Reworked papier-mache Smallmouth Bass paper fish sculpture. Broken Vulture Art; Bingorage Studio, Fort Frances, Northwestern Ontario.

Third: On the other side, I added premade masks, then added extra relief with clay and paper.

Reworked papier-mache Smallmouth Bass paper fish sculpture. Broken Vulture Art; Bingorage Studio, Fort Frances, Northwestern Ontario.

Reworked papier-mache Smallmouth Bass paper fish sculpture. Broken Vulture Art; Bingorage Studio, Fort Frances, Northwestern Ontario.

In the following pic, you can see how the small mask is tilted out (hot glue) at an angle and the space bridged with paper struts.

Reworked papier-mache Smallmouth Bass paper fish sculpture. Broken Vulture Art; Bingorage Studio, Fort Frances, Northwestern Ontario.

Reworked papier-mache Smallmouth Bass paper fish sculpture. Broken Vulture Art; Bingorage Studio, Fort Frances, Northwestern Ontario.

I began playing with other papier-mache pieces and a pair of antlers, to see possibilities. The antlers and the owl mask would stay (The pipe/rattle might).

Reworked papier-mache Smallmouth Bass paper fish sculpture. Broken Vulture Art; Bingorage Studio, Fort Frances, Northwestern Ontario.

Reworked papier-mache Smallmouth Bass paper fish sculpture. Broken Vulture Art; Bingorage Studio, Fort Frances, Northwestern Ontario.

In the last few days, I added a "hat", creating a false "plaiting" look, with rolled and flattened paper strips. This is where the piece is at, right now. Check out the youtube video (below) and let me know what you think. Big hello to the Yahoo-groups, papier-mache people.

Reworked papier-mache Smallmouth Bass paper fish sculpture. Broken Vulture Art; Bingorage Studio, Fort Frances, Northwestern Ontario.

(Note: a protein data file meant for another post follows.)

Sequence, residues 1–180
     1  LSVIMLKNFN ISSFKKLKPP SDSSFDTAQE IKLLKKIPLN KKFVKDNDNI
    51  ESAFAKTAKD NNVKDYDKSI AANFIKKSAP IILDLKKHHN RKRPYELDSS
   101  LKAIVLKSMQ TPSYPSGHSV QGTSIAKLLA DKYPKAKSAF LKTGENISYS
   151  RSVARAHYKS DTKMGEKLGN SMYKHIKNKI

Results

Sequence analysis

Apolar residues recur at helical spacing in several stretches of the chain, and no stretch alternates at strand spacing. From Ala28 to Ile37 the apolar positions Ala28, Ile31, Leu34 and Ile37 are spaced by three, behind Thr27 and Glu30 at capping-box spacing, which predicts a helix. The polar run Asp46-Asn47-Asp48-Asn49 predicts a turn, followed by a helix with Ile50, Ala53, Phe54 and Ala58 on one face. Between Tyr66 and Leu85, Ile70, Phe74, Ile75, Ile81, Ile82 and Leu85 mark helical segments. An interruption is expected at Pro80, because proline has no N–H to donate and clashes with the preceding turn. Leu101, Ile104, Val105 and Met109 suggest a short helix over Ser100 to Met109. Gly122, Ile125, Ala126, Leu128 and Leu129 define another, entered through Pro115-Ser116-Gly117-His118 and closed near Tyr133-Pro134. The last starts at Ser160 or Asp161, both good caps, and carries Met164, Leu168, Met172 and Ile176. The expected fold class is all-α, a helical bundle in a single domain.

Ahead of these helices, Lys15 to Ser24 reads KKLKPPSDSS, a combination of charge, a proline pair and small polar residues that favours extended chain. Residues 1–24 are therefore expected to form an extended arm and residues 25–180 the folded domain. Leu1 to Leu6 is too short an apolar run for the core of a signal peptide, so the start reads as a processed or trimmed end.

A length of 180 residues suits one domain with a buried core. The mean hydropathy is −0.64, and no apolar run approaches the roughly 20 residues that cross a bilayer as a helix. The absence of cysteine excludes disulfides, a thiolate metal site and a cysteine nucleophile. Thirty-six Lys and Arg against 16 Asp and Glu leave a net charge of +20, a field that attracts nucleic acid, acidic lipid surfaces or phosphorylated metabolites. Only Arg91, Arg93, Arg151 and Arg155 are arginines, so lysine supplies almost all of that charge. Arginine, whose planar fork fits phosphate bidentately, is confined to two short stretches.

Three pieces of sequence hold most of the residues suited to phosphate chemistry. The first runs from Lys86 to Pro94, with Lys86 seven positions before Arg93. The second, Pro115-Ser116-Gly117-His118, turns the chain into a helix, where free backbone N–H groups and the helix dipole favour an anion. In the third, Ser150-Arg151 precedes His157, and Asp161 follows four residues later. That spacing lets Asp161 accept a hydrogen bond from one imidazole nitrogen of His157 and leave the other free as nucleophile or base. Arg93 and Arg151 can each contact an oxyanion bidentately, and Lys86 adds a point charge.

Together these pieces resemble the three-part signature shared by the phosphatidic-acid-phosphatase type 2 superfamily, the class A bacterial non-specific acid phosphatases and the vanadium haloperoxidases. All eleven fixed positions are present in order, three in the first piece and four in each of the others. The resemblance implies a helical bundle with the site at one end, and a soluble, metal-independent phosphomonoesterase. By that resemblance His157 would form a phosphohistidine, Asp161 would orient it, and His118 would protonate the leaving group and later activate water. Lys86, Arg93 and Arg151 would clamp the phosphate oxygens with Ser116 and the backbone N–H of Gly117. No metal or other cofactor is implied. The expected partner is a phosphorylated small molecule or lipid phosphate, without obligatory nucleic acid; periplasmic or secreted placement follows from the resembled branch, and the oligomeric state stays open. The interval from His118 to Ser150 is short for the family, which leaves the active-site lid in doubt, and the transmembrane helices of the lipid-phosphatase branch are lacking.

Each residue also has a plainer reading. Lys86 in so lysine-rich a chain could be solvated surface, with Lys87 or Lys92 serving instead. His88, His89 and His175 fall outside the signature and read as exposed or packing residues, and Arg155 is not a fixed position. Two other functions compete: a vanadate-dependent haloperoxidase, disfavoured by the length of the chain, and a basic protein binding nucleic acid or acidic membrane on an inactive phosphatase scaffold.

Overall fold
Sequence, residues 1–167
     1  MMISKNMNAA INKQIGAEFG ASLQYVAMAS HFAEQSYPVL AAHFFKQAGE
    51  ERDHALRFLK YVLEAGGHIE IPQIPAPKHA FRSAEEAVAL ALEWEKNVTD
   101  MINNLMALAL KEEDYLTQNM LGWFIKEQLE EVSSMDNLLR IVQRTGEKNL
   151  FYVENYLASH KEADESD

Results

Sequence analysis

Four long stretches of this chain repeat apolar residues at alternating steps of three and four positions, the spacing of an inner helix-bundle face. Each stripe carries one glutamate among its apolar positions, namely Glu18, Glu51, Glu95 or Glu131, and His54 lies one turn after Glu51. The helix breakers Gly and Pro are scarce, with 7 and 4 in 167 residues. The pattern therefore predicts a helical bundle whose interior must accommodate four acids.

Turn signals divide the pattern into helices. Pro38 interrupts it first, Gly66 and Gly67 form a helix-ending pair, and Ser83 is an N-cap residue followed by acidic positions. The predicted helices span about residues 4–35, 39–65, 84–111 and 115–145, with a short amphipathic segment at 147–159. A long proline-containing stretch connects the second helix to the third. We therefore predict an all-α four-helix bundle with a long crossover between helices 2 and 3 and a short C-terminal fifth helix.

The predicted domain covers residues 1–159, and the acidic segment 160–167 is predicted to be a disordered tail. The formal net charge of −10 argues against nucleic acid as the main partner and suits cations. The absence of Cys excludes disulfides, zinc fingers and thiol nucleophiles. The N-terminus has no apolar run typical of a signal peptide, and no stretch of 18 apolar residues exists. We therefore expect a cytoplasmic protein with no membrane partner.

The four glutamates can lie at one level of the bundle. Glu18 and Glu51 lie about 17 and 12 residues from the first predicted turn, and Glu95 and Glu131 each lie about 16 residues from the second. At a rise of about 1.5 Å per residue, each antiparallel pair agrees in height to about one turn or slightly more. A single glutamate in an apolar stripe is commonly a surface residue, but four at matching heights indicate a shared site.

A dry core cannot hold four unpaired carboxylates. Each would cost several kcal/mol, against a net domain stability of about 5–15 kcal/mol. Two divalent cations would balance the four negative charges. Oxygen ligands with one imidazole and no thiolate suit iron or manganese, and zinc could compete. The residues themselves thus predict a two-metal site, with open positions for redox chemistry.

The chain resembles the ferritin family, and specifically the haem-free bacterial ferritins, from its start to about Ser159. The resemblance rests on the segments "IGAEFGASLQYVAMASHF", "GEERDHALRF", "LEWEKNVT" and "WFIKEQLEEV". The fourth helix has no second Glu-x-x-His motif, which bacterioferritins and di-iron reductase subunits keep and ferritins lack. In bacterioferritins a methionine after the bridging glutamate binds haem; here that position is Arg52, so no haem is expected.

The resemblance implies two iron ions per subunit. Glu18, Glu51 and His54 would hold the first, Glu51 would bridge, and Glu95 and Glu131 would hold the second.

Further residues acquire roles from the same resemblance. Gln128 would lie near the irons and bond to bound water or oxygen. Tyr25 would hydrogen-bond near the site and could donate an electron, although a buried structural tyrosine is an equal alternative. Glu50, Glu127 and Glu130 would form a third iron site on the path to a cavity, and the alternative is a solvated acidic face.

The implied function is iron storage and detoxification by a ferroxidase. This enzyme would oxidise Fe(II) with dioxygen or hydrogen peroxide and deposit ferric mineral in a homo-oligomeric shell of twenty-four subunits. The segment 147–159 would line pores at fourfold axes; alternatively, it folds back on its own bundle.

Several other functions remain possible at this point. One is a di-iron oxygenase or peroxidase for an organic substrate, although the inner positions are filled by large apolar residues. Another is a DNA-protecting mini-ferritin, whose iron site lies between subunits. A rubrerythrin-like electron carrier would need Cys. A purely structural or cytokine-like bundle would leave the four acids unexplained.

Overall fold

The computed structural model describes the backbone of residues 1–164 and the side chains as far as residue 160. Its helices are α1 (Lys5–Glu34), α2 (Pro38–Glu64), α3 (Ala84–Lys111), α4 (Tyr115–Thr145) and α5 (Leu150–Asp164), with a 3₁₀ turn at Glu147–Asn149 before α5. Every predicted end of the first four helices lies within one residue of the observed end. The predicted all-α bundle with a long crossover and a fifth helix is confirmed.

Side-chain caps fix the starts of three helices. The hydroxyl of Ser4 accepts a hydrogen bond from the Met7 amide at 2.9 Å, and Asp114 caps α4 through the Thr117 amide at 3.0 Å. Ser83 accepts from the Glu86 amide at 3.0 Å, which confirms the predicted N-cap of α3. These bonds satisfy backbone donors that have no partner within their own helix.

Reworked papier-mache Smallmouth Bass paper fish sculpture. Broken Vulture Art; Bingorage Studio, Fort Frances, Northwestern Ontario.

Reworked papier-mache Smallmouth Bass paper fish sculpture. Broken Vulture Art; Bingorage Studio, Fort Frances, Northwestern Ontario.

Reworked papier-mache Smallmouth Bass paper fish sculpture. Broken Vulture Art; Bingorage Studio, Fort Frances, Northwestern Ontario.


The "Reworking the Smallmouth Bass Sculpture" video.

My video channel at youtube.

Websites whose podcasts I am listening to:

Urbanshooter. Kenn Blanchard in Washington DC gives us the funky truth about legal, conscientuous firearms ownership. Some info. is DC/America specific, but there is stuff for everyone. Father Kenn preaches a bit; but truth is truth, will out.

Sentient Developments Great transhumanist blog with a great podcast exploring the bleeding edge of post-humanist exploration. What?!!!! You just have to give it a whirl and stay curious.

Linux Reality. A podcast to introduce newbies to the the LINUX operating system. You've heard of it, but don't know what exactly it is? Me too; but I am learning.


Jello Biafra keynote address (Part1) (Part2) at the Fifth HOPE.

Once again; truth is not happy, but you need to hear what he says. Take the time to download and listen.
[Strong language warning.]

Alternatively, go to Seeqpod (online flash player) and type in "Jello Biafra" and look for sunday keynote (1 & 2).


Click and listen to Part1.

Random useful stuff:

A review of the book - Dances with Dependency: Indigenous success through self-Reliance. It sounds like a tough look at the complacency of Native People's, ourselves.


Another Native blogger, Indigenous Action Movement.
Our Indigenous People are beautiful. .we come from a rich and beautiful history with strong ancestors who would guide our steps .. if we would only listen

Mindblowing, strange realistic sculpture.

Daphne Odjig wins the Governor General's Awardfor visual arts.

American garbage giant, Waste Management, is trying to extend a landfill into a burial ground at the Cahokia mounds.

My Extra Life -- cartoon


Monday, March 19, 2007

A (few) (Im)Modest Proposal(s) - Part one.

There are opportunities for us (Fort Frances artists and residents, plus regional entities) to acknowledge portions of local prehistory that have been lost to "development" over the last several decades.
The point of land that is called Pither's Point Park (PPP), previously had SIX prehistoric ancestral burial mounds (page 18, reference link) that were destroyed by rising waters behind the dam on the Rainy River, an archaeological excavation in 1959, "landscaping" for the park and road/rail development.